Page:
February 20, 2014 at 7:30 am EST | by Lou Chibbaro Jr.
College Park considers trans, LGBT contractor bias bills
Dave Kolesar, Patrick Wojahn, gay news, Washington Blade, marriage equality, Maryland, gay marriage, same-sex marriage, gay news, Washington Blade

College Park City Council member Patrick Wojahn (on right) with his partner, Dave Kolesar. Wojahn said a majority of the eight-member Council expressed support for the pro-LGBT bills. (Washington Blade file photo by Michael Key)

The College Park, Md., City Council has directed its city attorney to draft three separate bills that would ban discrimination based on gender identity and expression and require that contractors doing business with the city adopt policies of non-discrimination for their LGBT employees and provide equal benefits for employees’ same-sex spouses.

According to College Park City Council member Patrick Wojahn, who’s gay, the Council informally discussed the idea of drafting the three bills at a Feb. 4 work session. Wojahn said a clear majority of the eight-member Council expressed support for the bills. He said the Council then asked the College Park city attorney to draft the bills.

Wojahn said the Council expects the attorney to complete the drafting process within a month or two.

Both the State of Maryland and Prince George’s County, in which College Park is located, have existing laws that ban discrimination based on sexual orientation in the areas of employment, housing and public accommodation. But neither the state nor P.G. County has laws banning discrimination against transgender people. Nearby Montgomery County and three other counties in Maryland, including Baltimore, have transgender non-discrimination laws on the books.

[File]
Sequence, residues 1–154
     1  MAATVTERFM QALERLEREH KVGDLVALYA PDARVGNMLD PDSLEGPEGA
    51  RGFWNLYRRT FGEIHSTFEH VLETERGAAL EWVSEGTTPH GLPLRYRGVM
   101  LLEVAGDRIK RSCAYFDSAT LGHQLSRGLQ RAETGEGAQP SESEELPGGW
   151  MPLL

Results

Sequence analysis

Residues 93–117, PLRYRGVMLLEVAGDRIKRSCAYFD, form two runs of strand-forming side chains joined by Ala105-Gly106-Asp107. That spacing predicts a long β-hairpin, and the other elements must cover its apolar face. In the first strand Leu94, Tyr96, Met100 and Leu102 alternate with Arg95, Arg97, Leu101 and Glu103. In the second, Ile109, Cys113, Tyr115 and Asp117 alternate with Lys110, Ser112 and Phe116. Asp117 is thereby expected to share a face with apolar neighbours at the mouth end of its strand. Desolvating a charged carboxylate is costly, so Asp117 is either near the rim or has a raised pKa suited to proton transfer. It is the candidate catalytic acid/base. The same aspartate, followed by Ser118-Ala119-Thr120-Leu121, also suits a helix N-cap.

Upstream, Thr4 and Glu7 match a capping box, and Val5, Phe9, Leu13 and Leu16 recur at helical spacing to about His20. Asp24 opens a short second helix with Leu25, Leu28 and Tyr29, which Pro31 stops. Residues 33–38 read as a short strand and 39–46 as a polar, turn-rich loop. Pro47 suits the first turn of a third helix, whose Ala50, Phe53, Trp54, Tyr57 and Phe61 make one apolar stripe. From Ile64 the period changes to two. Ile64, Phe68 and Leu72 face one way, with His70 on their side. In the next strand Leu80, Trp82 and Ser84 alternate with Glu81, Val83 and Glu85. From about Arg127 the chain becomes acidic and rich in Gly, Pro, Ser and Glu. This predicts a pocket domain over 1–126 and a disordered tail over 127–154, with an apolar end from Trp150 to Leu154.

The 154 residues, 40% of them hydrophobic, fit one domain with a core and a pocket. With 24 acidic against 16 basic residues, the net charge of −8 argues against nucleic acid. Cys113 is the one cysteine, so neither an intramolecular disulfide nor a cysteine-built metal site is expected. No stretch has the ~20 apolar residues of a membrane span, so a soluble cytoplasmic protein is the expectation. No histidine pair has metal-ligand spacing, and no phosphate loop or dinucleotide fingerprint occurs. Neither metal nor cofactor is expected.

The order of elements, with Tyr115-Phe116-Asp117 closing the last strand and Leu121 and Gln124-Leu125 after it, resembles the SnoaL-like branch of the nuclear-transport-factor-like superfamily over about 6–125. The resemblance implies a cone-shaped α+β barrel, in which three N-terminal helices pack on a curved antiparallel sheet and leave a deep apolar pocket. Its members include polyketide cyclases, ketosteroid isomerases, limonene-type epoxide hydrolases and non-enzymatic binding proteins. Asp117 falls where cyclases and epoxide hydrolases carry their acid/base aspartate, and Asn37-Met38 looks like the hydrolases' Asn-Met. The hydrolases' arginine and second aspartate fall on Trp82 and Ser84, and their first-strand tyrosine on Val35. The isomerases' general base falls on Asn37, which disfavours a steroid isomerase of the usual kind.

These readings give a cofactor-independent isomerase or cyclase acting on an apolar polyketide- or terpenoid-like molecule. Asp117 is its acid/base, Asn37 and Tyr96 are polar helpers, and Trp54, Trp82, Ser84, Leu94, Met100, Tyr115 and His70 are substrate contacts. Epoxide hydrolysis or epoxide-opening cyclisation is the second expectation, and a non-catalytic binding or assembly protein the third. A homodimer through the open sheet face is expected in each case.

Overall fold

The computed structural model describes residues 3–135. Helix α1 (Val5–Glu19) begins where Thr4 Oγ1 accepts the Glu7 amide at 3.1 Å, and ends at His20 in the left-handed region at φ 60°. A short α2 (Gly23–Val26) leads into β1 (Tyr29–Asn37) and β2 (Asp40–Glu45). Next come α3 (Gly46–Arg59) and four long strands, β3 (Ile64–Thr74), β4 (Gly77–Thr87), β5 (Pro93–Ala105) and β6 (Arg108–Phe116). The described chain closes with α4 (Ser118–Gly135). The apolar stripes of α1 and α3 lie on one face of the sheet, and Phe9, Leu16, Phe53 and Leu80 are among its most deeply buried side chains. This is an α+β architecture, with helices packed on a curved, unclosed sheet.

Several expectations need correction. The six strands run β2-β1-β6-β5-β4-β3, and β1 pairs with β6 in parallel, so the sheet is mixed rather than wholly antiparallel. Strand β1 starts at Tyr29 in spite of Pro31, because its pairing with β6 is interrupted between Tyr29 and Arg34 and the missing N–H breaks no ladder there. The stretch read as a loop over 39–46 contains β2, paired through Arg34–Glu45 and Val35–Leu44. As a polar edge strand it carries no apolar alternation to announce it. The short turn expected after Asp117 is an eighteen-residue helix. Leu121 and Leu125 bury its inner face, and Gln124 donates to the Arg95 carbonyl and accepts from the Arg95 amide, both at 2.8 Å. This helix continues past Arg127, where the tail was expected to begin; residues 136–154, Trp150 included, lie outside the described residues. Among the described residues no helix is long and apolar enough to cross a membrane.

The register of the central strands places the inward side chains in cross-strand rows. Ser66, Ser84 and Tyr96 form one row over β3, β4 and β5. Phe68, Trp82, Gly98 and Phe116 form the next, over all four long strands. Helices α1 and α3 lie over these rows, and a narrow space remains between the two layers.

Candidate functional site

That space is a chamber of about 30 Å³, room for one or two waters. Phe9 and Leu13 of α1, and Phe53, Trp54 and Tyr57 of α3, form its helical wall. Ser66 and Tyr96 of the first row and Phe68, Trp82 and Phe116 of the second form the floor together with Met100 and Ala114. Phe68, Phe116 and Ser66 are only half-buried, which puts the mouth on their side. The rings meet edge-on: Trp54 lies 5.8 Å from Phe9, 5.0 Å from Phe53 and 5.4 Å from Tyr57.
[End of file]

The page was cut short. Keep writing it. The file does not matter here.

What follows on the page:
Fellow Council member P.J. Brennan, who’s also gay, is among the Council members pushing for the three new laws, Wojahn said.

Lou Chibbaro Jr. has reported on the LGBT civil rights movement and the LGBT community for more than 30 years, beginning as a freelance writer and later as a staff reporter and currently as Senior News Reporter for the Washington Blade. He has chronicled LGBT-related developments as they have touched on a wide range of social, religious, and governmental institutions, including the White House, Congress, the U.S. Supreme Court, the military, local and national law enforcement agencies and the Catholic Church. Chibbaro has reported on LGBT issues and LGBT participation in local and national elections since 1976. He has covered the AIDS epidemic since it first surfaced in the early 1980s. Follow Lou

  • why separate bills? sounds like an omnibus bill is needed. will they be providing equal benefits for trans employees as well in their health care? They should really take a look at what Philadelphia did last year.

  • Glad they are putting something together! I was a contractor, and as soon as I came out, the very next week they called my agency and told them "I was not needed anymore after a 6 year gig with excellent reviews! I had no recourse.

  • Why is it neccessary to note the councilmembers’ sexual orientation? If the reporter interviewed one of the straight members of the council about the bills would their sexuality been included in the article?

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